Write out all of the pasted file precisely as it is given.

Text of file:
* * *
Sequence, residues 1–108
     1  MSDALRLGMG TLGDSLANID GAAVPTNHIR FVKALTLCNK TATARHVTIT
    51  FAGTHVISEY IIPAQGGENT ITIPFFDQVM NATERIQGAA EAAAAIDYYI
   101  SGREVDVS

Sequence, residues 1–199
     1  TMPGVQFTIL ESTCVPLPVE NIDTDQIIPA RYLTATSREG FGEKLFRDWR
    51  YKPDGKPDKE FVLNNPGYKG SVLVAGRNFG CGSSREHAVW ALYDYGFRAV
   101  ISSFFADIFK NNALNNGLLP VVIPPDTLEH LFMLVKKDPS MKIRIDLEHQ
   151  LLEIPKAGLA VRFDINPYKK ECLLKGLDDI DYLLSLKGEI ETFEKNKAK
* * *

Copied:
Sequence, residues 1–108
     1  MSDALRLGMG TLGDSLANID GAAVPTNHIR FVKALTLCNK TATARHVTIT
    51  FAGTHVISEY IIPAQGGENT ITIPFFDQVM NATERIQGAA EAAAAIDYYI
   101  SGREVDVS

Sequence, residues 1–199
     1  TMPGVQFTIL ESTCVPLPVE NIDTDQIIPA RYLTATSREG FGEKLFRDWR
    51  YKPDGKPDKE FVLNNPGYKG SVLVAGRNFG CGSSREHAVW ALYDYGFRAV
   101  ISSFFADIFK NNALNNGLLP VVIPPDTLEH LFMLVKKDPS MKIRIDLEHQ
   151  LLEIPKAGLA VRFDINPYKK ECLLKGLDDI DYLLSLKGEI ETFEKNKAK